Annie Lane: A new circle
Published 6:19 pm Tuesday, June 7, 2022
Dear Annie: Please help, as I am out of ideas about what to suggest. I have a small group of friends whom I feel lucky to have known since secondary school.
The problem is that every time I suggest doing anything other than sitting around each other’s houses drinking coffee — with or without families — I get shot down. “My car won’t make it that far” or, “It’s too expensive” or other similar excuses. Honestly, the list of complaints goes on and on, and we end up not doing anything.
I understand that it is possible that I have poor timing when I suggest we get together, but every single time?
We are all 34 years old with families and careers. It would be nice to go somewhere with the girls and have a giggle and finish a chat without children chipping in or having to change a diaper. Are we just to sit in one another’s houses drinking coffee and watching the clock so we’re not late for pickup of the kids?
— Always An Excuse
Dear Excuse: Just because they are your “old friends” from childhood doesn’t mean they have to be your only friends. We all change as we grow up, very often having different interests than we had when we were young.
If your friends are always making excuses, then they not be the right friends at this time in your life to explore and have adventures with. If you are motivated to get together with friends, perhaps you should join a new moms group and see if you can find some like-minded people.
• • •
Dear Annie: “Feeling Like a Chicken” was concerned that her mother-in-law wanted to move in with her family.
The mother-in-law had just retired and was talking about selling her house. She may not yet know what to do with the extra time she has on her hands. The idea of a move and a new chapter — living with her son’s family — may be giving her something to look forward to and be excited about. Or she may talk about selling her house because she has financial issues.
Whether she needs help with straightening out her finances, finding activities she enjoys, or making new friends (or dating), these are NOT good reasons to move in with her son’s family.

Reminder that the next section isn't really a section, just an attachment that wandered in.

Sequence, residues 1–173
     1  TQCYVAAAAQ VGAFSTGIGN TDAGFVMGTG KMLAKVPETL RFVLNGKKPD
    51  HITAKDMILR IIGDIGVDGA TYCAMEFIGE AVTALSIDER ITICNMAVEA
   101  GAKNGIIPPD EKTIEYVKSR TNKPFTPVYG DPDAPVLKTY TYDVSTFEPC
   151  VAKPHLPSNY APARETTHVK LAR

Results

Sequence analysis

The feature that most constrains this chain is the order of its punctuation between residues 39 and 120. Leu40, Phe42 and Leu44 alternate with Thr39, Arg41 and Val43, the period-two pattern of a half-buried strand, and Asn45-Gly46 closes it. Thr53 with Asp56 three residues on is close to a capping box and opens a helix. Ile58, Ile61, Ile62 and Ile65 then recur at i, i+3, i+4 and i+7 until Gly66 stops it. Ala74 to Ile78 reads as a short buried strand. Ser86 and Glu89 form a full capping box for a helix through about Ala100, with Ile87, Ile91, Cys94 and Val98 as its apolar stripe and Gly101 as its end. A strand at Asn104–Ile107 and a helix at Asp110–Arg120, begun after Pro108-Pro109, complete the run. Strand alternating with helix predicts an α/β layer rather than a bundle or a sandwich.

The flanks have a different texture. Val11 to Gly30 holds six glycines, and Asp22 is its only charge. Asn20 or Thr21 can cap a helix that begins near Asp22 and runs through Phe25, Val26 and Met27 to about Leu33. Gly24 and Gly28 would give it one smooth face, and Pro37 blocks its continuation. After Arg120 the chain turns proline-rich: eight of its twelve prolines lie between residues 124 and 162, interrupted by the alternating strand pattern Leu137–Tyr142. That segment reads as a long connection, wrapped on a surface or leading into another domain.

Those and other possibilities could be explored in a gentle, lighthearted way when it fits into a conversation with her son alone or the son and wife together. Moving in with her son and his family will not fix the underlying issues in this new chapter of her life.
I have lived with my oldest son and his family twice, for months at a time, both times to help out when they had a lapse in child care. It only worked because we all knew it was temporary. Both my son and his wife had worked and lived with other people as roommates for years, so they were used to dealing with different personalities and approaches. They both have tremendous communication skills, and we have always been very close and open with each other.
I personally had to turn down a friend who needed long-term housing — not because I didn’t love her, but because I DID and wanted it to stay that way. I have no doubt our friendship would have ended had she moved into my home. It was a hard and seemingly hardhearted decision that gave us five more years of laughter, tears and memories until she passed away.
We choose many people in our lives as friends and also acquire more family members along the road of life. There are many people we can love and appreciate, but there are very few we can live with.
— Love Them Enough to Say No
Dear Love Them Enough to Say No: Thank you for telling us of your experience. Boundaries and communication are everything.
Send your questions for Annie Lane to firstname.lastname@example.org.